Studio: WowNow Entertainment
Director: Anastase Liaros, Jill VI Gevargizian, Zach Lorkiewicz, Marc Roussel, Daniel B. Iske, Alessandro Frosali, Ramsey Attia
Producer: Nakia Secrest, Ryan Housknecht, Grace Hahn, Elliot Hornsby, Ron Basch, Shawn Watson, Cesar Sanguino, Simone Tan
Stars: Laurence R. Harvey, Tristan Risk, Dave Belden, Amber Calderon, Sarah Silverthorne, Mark Booker, Karrie Bauman, Candice Leask, Monet Lerner, Sean Noorani
Seven short stories tell terror tales involving murder, online voyeurism, reality TV, hunting humans, and a time paradox.
Not to be confused for the “Unfriended” sequel (review here) with the same name for its subtitle, “Dark Web” lassos seven entirely unrelated shorts into an anthology loosely themed around technological terrors. So instead of just one unremarkable horror film, viewers are treated to a varietal assortment of bite-sized blah masquerading as an interwoven microbudget movie.
To give some semblance of connectedness, “Dark Web” employs a framing story where a man waiting to kill a call girl and an online voyeur waiting to witness the murder apparently pass the time watching dark web videos. Forgetting how framing devices are meant to work however, “Dark Web” still has bookend pieces on either side.
The movie opens with “Make-Up Girl,” a 90-second segment where a blurry image of who-knows-what interrupts a YouTuber’s makeup tutorial and inexplicably causes her to bash her head against her computer screen. The short actually hides a progressive makeup effect really well, except that’s all this scene is: a setup for an effect with no real story behind it.
The same goes for “GETT3R” at the other end of the anthology. “GETT3R” is a two-minute piece where a woman using the titular Tinder-like app swipes through photos creepily taken inside her apartment before the mystery photographer/home intruder unsurprisingly ends her life. Again, all setup, no story.
It bears mentioning that the collective duration of these two shorts barely exceeds half the length of the end credits. When a movie devotes more time to scrolling text than to the shorts they are crediting, you know you have a content problem.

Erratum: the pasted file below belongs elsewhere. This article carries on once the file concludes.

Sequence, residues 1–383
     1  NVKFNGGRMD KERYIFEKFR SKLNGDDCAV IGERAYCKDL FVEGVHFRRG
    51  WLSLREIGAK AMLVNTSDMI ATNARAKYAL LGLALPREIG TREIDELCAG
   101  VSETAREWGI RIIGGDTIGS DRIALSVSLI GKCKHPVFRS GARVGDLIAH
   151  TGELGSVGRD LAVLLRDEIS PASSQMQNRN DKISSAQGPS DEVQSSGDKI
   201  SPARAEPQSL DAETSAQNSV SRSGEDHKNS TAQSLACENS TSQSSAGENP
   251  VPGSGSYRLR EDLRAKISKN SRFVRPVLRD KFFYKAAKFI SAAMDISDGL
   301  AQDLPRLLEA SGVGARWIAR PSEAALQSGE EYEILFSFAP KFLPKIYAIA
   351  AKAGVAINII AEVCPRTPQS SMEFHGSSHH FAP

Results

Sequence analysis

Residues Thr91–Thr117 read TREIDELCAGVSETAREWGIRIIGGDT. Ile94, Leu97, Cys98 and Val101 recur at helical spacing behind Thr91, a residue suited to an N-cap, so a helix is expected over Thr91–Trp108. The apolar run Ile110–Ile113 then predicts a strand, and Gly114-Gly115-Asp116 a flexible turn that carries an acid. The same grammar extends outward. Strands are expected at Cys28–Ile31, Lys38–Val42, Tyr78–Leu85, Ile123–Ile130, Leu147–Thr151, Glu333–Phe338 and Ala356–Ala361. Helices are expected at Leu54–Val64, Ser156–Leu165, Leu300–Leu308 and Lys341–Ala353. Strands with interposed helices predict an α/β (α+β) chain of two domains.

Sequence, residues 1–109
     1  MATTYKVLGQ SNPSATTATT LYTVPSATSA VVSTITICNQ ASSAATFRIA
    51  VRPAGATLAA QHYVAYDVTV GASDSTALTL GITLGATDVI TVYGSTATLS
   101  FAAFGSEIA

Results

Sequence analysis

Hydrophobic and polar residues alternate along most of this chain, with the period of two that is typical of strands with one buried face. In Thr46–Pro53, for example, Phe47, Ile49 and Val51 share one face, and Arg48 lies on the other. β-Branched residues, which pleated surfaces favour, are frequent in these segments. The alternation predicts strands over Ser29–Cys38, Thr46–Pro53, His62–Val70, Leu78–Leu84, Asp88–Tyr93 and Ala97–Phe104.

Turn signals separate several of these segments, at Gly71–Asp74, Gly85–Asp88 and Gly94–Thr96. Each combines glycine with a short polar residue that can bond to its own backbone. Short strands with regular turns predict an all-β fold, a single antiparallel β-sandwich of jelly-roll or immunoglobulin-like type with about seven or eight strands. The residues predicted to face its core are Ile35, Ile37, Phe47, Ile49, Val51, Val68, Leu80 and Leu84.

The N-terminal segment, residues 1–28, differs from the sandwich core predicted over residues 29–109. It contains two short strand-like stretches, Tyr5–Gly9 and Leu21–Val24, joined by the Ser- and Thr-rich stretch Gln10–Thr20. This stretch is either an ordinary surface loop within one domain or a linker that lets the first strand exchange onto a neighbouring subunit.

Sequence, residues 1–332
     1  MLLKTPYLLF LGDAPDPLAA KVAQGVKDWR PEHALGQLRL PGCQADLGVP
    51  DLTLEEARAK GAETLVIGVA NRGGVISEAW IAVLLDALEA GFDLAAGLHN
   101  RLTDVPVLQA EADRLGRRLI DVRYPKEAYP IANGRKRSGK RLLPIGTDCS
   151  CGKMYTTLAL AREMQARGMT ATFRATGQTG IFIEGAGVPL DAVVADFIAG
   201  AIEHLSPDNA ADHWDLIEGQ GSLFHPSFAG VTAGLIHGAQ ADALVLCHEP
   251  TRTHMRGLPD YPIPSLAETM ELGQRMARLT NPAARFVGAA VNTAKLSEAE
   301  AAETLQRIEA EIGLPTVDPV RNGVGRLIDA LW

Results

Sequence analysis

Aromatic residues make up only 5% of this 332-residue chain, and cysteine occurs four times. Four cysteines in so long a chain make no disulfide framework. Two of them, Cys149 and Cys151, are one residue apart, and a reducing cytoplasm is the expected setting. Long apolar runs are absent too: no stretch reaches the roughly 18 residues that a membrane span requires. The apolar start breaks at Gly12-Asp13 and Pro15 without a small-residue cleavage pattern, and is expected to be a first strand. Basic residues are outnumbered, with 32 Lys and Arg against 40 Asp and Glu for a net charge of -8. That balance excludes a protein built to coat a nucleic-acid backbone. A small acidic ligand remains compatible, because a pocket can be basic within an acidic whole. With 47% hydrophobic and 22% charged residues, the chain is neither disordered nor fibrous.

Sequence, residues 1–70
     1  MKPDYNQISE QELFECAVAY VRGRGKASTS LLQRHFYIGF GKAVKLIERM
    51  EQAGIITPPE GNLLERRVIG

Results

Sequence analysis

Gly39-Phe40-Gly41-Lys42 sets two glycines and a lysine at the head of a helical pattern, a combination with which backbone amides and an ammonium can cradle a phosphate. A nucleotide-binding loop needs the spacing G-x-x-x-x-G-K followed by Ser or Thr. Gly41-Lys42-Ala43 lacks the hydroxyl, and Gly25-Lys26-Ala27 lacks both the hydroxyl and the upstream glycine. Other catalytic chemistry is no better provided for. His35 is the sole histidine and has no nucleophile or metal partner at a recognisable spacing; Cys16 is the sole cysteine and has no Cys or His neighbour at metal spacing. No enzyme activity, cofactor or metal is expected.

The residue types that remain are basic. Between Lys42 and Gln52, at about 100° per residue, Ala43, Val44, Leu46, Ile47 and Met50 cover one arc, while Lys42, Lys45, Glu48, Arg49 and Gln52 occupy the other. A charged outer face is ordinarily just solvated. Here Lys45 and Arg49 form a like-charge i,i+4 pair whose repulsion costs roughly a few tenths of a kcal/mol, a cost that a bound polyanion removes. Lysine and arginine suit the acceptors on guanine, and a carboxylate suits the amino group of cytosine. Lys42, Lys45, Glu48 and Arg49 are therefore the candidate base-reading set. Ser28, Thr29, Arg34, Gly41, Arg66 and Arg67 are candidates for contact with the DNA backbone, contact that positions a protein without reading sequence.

The first full short is “Blood,” which promptly throws the loose theme out the window by having nothing to do with technology of any kind. In it, a serial killer suffers from haunting visions of stubborn bloodstains culminating in a confrontation with a victim’s ghost. A photo in a locket seemingly holds the secret to the story. Unfortunately, the photo is so unclear as to who it depicts that I have no idea what meaning “Blood” ultimately wishes to impart.
Amongst the movie’s throwaway tales hides Marc Roussel’s genuine gem “Remote.” If you’re a fan of time paradox premises, this story of a mild-mannered man positioned to crack a 30-year-old cold case when his TV opens a window into 1978 will electrify all the right synapses. It’s a clever plot regrettably cut down by under-delivered acting. Beef up the script, recast with notable names, and “Remote” would be a memorable modern “Twilight Zone” episode.
“Dark Web” swiftly picks up old tricks by rolling into “Hunted,” an unnecessary riff on the “Most Dangerous Game” concept. Like “Blood,” “Hunted” has nothing to do with the internet or technology. It does open with people briefly using cellphones though. They also use the term “yolo.”
If you’re wondering why a movie copyrighted to 2018 would have such dated references, it should be added that “Dark Web” reaches as far back as 2008 to pull its pieces together. I’m all for indie filmmakers finding an outlet to make some change and reach an audience, but an anthology slapped together in this fashion always puts forth an impression of producers caring more about filling out a feature than polishing a fresh product.
“Snare” follows an abducted actress forced into solitary confinement by mysterious men in black masks and body armor. For ten minutes, we’re imprisoned alongside her, although it feels like ten hours due to the dull series of nonevents taking place during her captivity.
“Dark Web’s” big “get” marquee-wise is “The Human Centipede 2’s” Laurence R. Harvey in “Call Girl,” the wraparound that doesn’t actually wraparound. Director Jill Gevargizian makes a bizarre creative choice to cut to black screens with text boxes every time Harvey’s anonymous partner responds with typed messages. “Call Girl” also purposefully stutters on momentary freeze frames to simulate buffering glitches at frequent intervals. It’s a one-two punch of extremely distracting annoyances, particularly when these pauses break all the momentum of a frenetic finale.
“Dark Web” salvages a small scrap of entertainment value thanks entirely to “Remote.” But that 20-minute respite of imaginative intrigue isn’t nearly enough to save the entire movie. Furthermore, “Remote” can be freely found online, eliminating any requirement of having to see “Dark Web” to get to it.
Pressed for something positive to say about the anthology, I can only quip, the content runs just 66 minutes. Most boring movies waste a full ninety. “Dark Web” at least only throws away an hour.
Review Score: 35